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Yoga for Your Knees

On your Knees If you've ever experienced knee pain-or, worse luck, a chronic knee problem-you know how frustrating and limiting it can be. The alignment in your hips and/or ankles may be the culprit? It's not unusual for yoga students to practice their postures with small mis-alignments in the knee. Repeated over months and years, these small mis-alignments can contribute to pain and long-term joint problems. Yoga poses practiced with conscious good alignment of the leg bones and joints can be a therapeutic tool for building strong, healthy knees. The knee is an unstable and shallow joint, so you can understand why it is vulnerable and sensitive to mis-alignment.

Imagine two long columns stacked atop each other, and you've got the thigh bone (femur) and the shin bone (tibia). The flat surfaces of the bones make the knee dependent on ligaments (which join bone to bone) and tendons (which join muscle to bone) to hold it together. Side-bending or twisting can endanger these supporting tendons and ligaments. For example, standing poses done with improper alignment can put great strain on the knee. The best indicators of knee alignment in standing poses are the relative positions of the foot and kneecap. The foot acts like a pointer showing the rotation of the shin and lower leg, while the kneecap shows the rotation of the femur. For alignment ~ Remember the knee always follows the foot!

In Trikonasana (Triangle Pose), for example, the front leg kneecap should point over the center of the foot. If the kneecap points toward or even inside the big toe, you know that the columns are twisting. In Trikonasana, all yogis need an outward rotation of the femur bone in the hip socket to align the femur with the shin and foot. Bent-leg standing poses can also stress the knee. As the knee bends, it should function like a hinge, with no sideways movement.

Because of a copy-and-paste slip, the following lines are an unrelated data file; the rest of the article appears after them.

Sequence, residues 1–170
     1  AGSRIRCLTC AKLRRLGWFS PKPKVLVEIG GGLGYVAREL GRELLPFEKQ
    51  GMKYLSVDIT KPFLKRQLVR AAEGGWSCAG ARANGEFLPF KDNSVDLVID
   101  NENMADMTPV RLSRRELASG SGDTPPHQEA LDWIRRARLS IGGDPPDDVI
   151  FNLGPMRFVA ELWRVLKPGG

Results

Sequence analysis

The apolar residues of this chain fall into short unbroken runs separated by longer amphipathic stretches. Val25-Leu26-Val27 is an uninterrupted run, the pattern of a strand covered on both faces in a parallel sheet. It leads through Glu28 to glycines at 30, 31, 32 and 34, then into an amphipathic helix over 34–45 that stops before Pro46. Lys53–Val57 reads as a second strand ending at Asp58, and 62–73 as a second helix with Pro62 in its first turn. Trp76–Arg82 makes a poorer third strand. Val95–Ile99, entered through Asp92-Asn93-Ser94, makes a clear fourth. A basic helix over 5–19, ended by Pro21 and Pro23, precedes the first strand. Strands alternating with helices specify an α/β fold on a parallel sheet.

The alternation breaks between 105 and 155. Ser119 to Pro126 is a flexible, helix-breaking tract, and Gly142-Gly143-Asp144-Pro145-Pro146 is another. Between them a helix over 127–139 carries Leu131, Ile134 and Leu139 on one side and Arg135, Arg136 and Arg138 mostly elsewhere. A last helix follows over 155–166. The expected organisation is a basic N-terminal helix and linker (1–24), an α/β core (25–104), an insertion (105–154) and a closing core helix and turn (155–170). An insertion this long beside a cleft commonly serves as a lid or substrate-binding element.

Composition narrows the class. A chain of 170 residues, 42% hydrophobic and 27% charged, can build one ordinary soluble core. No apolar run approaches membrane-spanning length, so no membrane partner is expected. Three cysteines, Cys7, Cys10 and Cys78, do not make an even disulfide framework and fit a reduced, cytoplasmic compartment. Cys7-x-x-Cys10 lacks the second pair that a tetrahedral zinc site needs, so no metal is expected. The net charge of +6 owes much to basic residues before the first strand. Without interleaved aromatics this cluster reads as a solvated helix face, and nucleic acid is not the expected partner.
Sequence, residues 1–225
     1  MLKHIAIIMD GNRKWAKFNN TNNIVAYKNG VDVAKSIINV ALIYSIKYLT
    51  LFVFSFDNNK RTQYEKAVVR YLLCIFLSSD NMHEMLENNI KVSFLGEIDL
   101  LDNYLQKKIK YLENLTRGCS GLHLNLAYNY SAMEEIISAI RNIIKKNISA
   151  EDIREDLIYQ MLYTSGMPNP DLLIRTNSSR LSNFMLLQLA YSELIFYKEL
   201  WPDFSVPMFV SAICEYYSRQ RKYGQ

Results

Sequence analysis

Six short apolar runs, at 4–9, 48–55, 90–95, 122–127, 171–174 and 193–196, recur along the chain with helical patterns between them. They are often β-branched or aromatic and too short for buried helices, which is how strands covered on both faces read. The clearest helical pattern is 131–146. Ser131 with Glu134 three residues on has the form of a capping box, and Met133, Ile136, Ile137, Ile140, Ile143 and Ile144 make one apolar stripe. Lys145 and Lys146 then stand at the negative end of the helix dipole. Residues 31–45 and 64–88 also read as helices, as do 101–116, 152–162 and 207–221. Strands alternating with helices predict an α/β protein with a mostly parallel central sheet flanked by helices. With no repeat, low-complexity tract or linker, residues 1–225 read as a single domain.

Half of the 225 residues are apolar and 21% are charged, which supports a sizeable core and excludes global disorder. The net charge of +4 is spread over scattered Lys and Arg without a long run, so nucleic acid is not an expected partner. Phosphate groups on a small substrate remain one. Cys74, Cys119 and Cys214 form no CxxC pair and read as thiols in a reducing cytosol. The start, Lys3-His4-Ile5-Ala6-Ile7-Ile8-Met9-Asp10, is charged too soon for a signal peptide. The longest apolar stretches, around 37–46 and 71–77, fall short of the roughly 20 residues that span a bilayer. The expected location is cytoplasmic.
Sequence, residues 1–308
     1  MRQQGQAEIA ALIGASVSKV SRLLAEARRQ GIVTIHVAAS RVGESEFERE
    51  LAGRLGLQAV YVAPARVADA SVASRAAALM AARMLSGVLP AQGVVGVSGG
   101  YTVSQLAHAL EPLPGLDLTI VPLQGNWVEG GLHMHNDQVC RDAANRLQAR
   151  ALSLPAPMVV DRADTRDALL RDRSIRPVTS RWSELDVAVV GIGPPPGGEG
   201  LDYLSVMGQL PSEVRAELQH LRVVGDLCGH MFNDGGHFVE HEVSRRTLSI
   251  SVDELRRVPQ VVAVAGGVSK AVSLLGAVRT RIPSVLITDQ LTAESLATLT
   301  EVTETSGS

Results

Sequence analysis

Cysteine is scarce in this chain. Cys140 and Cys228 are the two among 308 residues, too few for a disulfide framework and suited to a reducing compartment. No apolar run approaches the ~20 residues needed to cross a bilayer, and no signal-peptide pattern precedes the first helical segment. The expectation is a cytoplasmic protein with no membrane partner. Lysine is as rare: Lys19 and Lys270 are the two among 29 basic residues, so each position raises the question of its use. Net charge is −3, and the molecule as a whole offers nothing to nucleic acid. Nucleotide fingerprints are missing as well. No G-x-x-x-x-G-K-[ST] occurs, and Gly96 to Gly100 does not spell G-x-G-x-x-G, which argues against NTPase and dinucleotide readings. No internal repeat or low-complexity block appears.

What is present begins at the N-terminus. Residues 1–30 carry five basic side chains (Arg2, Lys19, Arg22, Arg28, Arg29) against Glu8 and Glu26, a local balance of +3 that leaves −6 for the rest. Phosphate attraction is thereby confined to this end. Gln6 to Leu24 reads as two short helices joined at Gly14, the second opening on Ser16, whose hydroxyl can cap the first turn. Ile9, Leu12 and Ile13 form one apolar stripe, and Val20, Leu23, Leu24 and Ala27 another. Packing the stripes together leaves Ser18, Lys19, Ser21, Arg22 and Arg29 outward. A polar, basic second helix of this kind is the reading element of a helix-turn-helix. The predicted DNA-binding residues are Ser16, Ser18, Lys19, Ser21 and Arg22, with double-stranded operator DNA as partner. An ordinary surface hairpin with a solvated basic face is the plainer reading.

In Virabhadrasana II (Warrior II), a common misalignment is for the front knee to point inside the big toe. In this position, the columns of the leg are not only twisting, they are also bent to the side at their junction. This widens the gap between the bones at the inner knee, straining the ligaments there, and compresses the outer knee, which erodes the joint surface and contributes to arthritis. As in Triangle, an outward rotation of the front leg femur is needed.


Knee Alignment

To learn proper knee and leg alignment, it can be helpful to practice a simple exercises before incorporating the action into more complex yoga poses. In both of the following exercises, standing in front of a mirror will help you examine your alignment.

In the first exercise, lean back against a wall, with your heels about a foot from it. Slowly slide down the wall; as the knee bends, make sure the kneecap points straight out over the center of the foot.

In the second exercise, stand with your left hand on a counter or the back of a chair. Put your right foot on the broad side of a yoga block. Make sure that the right knee stays centered over the foot as you step up onto the block and as you set the left foot back on the floor.

If your knee is displaced inwardly, bending and straightening it over and over can cause pain and injury. Practice of this simple exercise can help train the muscles to hold the leg in proper alignment, preventing repetitive damage to the knee ligaments and cartilage during standing poses—and during everyday activities like going up and down stairs.

These simple exercises also help to strengthen the quadriceps muscles on the front of the thigh. Quadriceps strength is very important in supporting the knee joint, including the kneecap, which is actually embedded in the quadriceps tendon. A strong quadriceps helps to stabilize the femur and shin bone in proper alignment, and the inner quad is especially important in stabilizing a fully extended, straight knee.